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REVIEW: This Perfect Kiss by Melody Thomas

Dear Ms. Thomas:

I have described your Avon historicals as a “guilty pleasure,” but such a description undervalues their strengths, one of which is the romantic suspense subplot, which often engages me more than the romance itself. Still, the heroines tend toward stubborn and feisty, and the heroes toward dark and tortured, while the drama is high and the history, well, the history is definitely not why I read them. Somehow I managed to miss last year’s book, so I was especially excited to read This Perfect Kiss, because sometimes I crave a more old-fashioned Romance novel, and I find your books tend toward that experience. Unfortunately, This Perfect Kiss was not a perfect read for me, although I did enjoy a number of the novel’s elements.

This Perfect Kiss by Melody ThomasAt 17, Christel Douglas believes herself to be in love with Camden St. Giles, a young captain in the Royal Navy and heir to the earldom of Carrick. When she shares a passionate, stolen kiss with the young officer, Christel believes that if he knew who she was beneath her homemade costume of gold taffeta dress and bejeweled shoes, “England’s hero” would want nothing to do with “the bastard daughter of an adulterer.” And, as her half sister Tia gleefully informs Christel upon finding her at the masquerade ball, Camden is nearly engaged to Christel’s beautiful and legitimate cousin, Saundra. So Christel flees before Tia can reveal her secret, while Camden goes on to marry Saundra.

Almost ten years later, everyone’s lives have been dramatically changed by personal tragedy and war. Saundra bore Camden a daughter before she mysteriously plummeted to her death from one of the light towers on the Carrick estate. Having been gravely wounded and militarily disgraced in Yorktown, Camden is now passionate about only two things, both named Anna: his daughter and his commercial ship. Bitter and world-weary, Camden is loath to return to his Scottish estate, Blackthorn Castle, where his dictatorial grandmother and his reprobate brother, Leighton, reside, especially since Leighton is rumored to have been Saundra’s lover and the father of the child she miscarried shortly before her death. But when a woman claiming to be his late-wife’s cousin boards his ship in London, Camden is immediately taken back some nine years to that masquerade ball at which he kissed the lovely Christel Douglas, before she inexplicably fled Scotland for the colony of Virginia, where her uncle lived and fought for the colonial cause.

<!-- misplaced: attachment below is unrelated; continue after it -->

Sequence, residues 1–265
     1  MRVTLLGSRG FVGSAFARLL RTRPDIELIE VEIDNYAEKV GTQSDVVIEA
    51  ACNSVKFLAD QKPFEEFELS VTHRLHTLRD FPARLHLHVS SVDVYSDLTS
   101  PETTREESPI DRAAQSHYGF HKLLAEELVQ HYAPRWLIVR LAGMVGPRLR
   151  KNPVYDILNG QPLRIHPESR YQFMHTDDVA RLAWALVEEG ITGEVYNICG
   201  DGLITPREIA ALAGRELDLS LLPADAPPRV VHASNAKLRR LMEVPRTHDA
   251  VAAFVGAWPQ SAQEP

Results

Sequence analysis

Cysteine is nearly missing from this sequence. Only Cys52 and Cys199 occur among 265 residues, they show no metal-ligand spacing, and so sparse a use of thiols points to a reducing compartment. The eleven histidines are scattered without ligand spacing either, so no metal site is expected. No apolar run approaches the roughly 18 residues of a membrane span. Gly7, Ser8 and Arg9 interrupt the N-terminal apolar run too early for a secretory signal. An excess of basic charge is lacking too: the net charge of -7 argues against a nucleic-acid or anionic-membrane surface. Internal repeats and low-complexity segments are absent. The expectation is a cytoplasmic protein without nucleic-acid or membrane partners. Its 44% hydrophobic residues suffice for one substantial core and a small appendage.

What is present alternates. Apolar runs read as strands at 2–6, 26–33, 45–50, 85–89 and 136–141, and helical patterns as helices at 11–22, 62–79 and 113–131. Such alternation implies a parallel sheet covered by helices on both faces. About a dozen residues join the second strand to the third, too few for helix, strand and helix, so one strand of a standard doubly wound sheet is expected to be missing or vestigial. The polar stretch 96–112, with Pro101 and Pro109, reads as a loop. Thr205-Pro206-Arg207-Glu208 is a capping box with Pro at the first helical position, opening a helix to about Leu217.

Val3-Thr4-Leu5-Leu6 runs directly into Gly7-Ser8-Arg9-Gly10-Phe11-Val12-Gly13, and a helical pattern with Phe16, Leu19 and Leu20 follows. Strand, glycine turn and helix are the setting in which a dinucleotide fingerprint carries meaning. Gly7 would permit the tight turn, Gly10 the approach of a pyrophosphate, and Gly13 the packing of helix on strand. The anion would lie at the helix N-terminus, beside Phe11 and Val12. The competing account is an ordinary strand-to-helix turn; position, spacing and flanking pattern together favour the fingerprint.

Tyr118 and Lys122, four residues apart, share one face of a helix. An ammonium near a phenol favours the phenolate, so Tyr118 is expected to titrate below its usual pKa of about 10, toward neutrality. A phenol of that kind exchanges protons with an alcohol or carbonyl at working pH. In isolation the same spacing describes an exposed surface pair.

Christel was shocked to receive a letter from Saundra begging her to return to Scotland to take up governess duties for Anna. Since Saundra has now been dead two years, the provenance of the letter is even more mysterious, although Christel is still urgently trying to fulfill its request. Widowed herself, and without any money, Christel boards Camden’s ship dressed as a man and accompanied by a dog who adopted her on the London docks. It is not the first time Christel has seen Camden in nine years; after all, it was her uncle’s ship that rescued him and what was left of his crew from drowning after the disastrous Yorktown battle, and while he lay delirious in a Yorktown field hospital, Christel had nursed him until her own husband became ill. But she has no idea that Camden has spent the last nine years with a souvenir of that night at the masquerade ball – the golden shoes Christel had so proudly created and then watched Tia throw over the cliff at the edge of the Carrick estate. And now that they are isolated on the Anna, Christel and Camden have plenty of time to become reacquainted without any masks or costumes.

There is quite a bit of interesting backstory in This Perfect Kiss, much of it political. Christel has fought for the colonial cause against the British and through her dress shop in Williamsburg was able to gather information for the cause. Leighton, Camden’s younger brother, is involved in the black market trade of brandy and weapons, and it is widely believed that he was Saundra’s lover and perhaps even a traitor to the Crown. Following Camden’s military humiliation and devastating wound, Camden has entered the commercial shipping business with his close friend, Jacob Westmont, a chief magistrate and staunch loyalist. Renewing an association with Christel puts Camden in a precarious position regarding his own political and commercial interests, as well as testing the bounds of his friendship with Westmont. Christel’s past, much of which she does not initially reveal to Camden, also implicates her much more deeply in colonial politics than he ever would have suspected, and once he brings her back to Scotland, he is inadvertently inviting unwelcome official scrutiny into his and Christel’s families and properties.